As I've said elsewhere, do I have to strap on a vagina to write as well as some of the women?

...Would certainly give me a new sensibility.

Sela Carsen said...

Not sure where or when we're moving yet, Ivan. Must find hubster a job first. Second career, y'know. Spent 21 yrs in the USAF and now it's on to a new challenge. I hope to stay in the South, but who knows. I'd say that I'm flexible, but who knows where that would lead!

I've subbed a couple of stories to Woman's World and gotten two very nice rejections from them -- one even went to the top ed before coming back to me. Hey, they pay $1000 for 1100 words!! But you gotta know the market. They're very, very picky.

ivan said...

I guess there was some reason I couldn't buy my own beer in Dixie.
Told everybody I'd spent five years in the Royal Canadian Air force. I guess we had sort of been on the same side and American Legion guys kept buying me drinks.

I was a humble Pinetree Line radar operator, or, as the French used to term us, "Oiseau-watchers."
I did feel like a fish out of water
(speaking of fish?) for a long, long time until Ryerson University accepted me for Journalism.
...There is such camaraderie, such a sense of being IN in the Service that you get something like culture shock once you get out.
Happily, I was soon in another large institution and the sense of alienation vanished.

Woman's World, huh?
Maybe there's a place for my dozens of short stories yet, though I think I am stronger on the essay and the newspaper column.
I don't have the novel mania now, since I have completed a couple of them and the monkey is off my back.
But the book publishers! They don't reject you straight off, they keep the book forever and forever, leaving you little notes, "We have just been taken over by a larger house. Be patient, be patient."
But I guess one needs be a realist.
They make a novelist like they make a community college teacher.
"Can he get along with business people? Is he "normal"--does he have any obvious kinks?
"What kind of a role model would he/she make? Is he going to make a fool out of Canada when he gets to New York and heads straight for the coke dish?

Being a published novelist is a big deal. It makes you just as important as the local MD. Maybe more important You have clout and people listen to what you say.
Someday somebody will write a book on how they make novelists, the job description.

Hey, I'm not complaining.
As in many of my do-it yourself projects, I had sneaked through the back door of novel publishing, shot up to prof after that, and drank so much during the enterprise
that soon the Enterprise was torpedoed.
"That's the trouble with you noveaux-riches, my friend Fred the Shrink used to say.

Too much too soon.

"Major Tom to Ground Control..."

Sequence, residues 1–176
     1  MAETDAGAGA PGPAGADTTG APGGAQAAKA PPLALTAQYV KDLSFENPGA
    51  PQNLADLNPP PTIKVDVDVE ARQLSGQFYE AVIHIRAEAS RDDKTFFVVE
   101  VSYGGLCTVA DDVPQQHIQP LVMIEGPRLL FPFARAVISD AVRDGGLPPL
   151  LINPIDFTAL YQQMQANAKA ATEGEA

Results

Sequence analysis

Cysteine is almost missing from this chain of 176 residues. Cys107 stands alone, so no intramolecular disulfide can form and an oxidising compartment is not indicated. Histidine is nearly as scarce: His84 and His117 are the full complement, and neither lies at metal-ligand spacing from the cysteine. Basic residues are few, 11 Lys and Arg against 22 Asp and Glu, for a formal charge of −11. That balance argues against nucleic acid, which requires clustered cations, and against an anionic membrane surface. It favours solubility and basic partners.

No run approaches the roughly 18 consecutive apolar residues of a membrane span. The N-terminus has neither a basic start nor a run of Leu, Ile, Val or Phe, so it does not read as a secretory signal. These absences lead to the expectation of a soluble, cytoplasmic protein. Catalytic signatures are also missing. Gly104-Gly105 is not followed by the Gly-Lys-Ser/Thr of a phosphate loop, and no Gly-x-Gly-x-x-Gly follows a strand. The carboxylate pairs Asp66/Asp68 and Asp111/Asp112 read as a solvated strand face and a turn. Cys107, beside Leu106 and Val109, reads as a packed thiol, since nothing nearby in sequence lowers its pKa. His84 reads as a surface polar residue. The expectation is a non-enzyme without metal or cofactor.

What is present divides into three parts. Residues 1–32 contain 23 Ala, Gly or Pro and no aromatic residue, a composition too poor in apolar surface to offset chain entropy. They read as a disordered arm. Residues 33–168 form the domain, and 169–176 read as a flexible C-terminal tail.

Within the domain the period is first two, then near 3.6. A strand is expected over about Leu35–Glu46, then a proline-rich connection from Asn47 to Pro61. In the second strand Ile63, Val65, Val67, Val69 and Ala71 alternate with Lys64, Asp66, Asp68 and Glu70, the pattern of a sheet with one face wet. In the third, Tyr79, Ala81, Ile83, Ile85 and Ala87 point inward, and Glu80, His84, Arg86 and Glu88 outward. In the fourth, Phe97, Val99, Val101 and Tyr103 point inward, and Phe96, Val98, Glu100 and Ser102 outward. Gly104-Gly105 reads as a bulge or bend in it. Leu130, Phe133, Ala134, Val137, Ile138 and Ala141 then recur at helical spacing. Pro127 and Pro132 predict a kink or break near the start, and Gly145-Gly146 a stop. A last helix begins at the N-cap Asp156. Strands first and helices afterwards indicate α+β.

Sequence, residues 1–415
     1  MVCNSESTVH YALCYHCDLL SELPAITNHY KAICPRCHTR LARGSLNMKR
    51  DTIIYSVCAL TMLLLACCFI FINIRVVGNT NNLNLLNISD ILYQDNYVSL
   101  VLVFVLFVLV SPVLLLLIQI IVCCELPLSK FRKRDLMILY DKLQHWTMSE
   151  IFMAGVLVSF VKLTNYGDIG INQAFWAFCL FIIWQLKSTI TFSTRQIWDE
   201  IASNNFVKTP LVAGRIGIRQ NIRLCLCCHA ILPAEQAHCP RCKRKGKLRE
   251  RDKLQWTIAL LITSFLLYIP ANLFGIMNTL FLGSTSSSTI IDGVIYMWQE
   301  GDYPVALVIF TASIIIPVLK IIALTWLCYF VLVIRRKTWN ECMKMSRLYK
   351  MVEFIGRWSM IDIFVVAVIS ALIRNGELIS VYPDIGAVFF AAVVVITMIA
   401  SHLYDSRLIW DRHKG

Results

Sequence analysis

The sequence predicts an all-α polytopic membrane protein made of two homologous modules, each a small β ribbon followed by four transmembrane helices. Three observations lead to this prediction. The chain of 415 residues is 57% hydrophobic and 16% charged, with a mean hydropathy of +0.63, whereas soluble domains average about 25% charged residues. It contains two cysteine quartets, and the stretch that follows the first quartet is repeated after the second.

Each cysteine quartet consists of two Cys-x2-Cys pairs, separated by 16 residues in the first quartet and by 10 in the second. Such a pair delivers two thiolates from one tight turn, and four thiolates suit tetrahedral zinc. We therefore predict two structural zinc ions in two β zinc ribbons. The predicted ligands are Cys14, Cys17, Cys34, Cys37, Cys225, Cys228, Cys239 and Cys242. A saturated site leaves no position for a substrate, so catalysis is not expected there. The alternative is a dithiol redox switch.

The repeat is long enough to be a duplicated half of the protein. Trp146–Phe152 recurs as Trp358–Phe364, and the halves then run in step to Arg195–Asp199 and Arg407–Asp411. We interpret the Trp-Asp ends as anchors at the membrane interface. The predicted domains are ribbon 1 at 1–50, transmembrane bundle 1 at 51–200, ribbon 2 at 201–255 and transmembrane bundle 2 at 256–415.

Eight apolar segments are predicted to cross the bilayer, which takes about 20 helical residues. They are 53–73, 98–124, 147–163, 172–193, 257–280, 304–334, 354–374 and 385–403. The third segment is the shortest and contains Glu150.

Elizabeth said...

J.A. Konrath spent 12 years trying to get published. At one point he was so poor that he couldn't afford to heat his apartment. He realized he hit bottom when he couldn't take a shower because his shampoo had frozen. Joe received 450 rejection letters before he finally got published.

His story is one of the reasons I decided I could become a writer. Sick, huh.

The other? Blogging. If I hadn't posted my story about my grandfather, and received so many wonderful comments from people like you, I never would have made the leap back into writing my book.

Thanks for stopping by!

ivan said...

Thanks to you as well for stopping by.
Yeah, J.A. Konrath. I especially like his comments on the need to cut, cut, cut even if it seems you're carving up your own young.
These things you learn, of course, in a high-end journalism program.
I probably had too much luck at college, the little magazines there. I published six poems and some long fiction.
Probably gave me an overbloated sense of my own worth too early.

The real world was something else.

Inspiring how you went back to writing to the point of actually having a novella accepted.-- Just a couple of weeks till it comes out if I can go by the publisher's promo.
Yeah, I've been thrugh the bare
steam pipes and peeling wallpaper thing too, though there was always a weeekly newspaper that would take some of my short stories disguised as columns...Maybe that was what spoiled me.
As H. E. Eigler points out above, you can have all the education and all the experience and still be slapped in the face.
My recent slap was to have the edior say, "I don't usually send out rejection letters. You want a rejection letter? Here it is:
'I will not be buying your piece, titled..........'"

Even Gerard Jones, the most rejected author in the world, wrote "Hey man, that's really too bad about the rejection."
I though he would have laughed it off, his own bad luck for thirty years and all that.
But Mr. Konrath's twelve years in the wilderness before getting published--that is somehow so inspiring.
As your note is inspiring.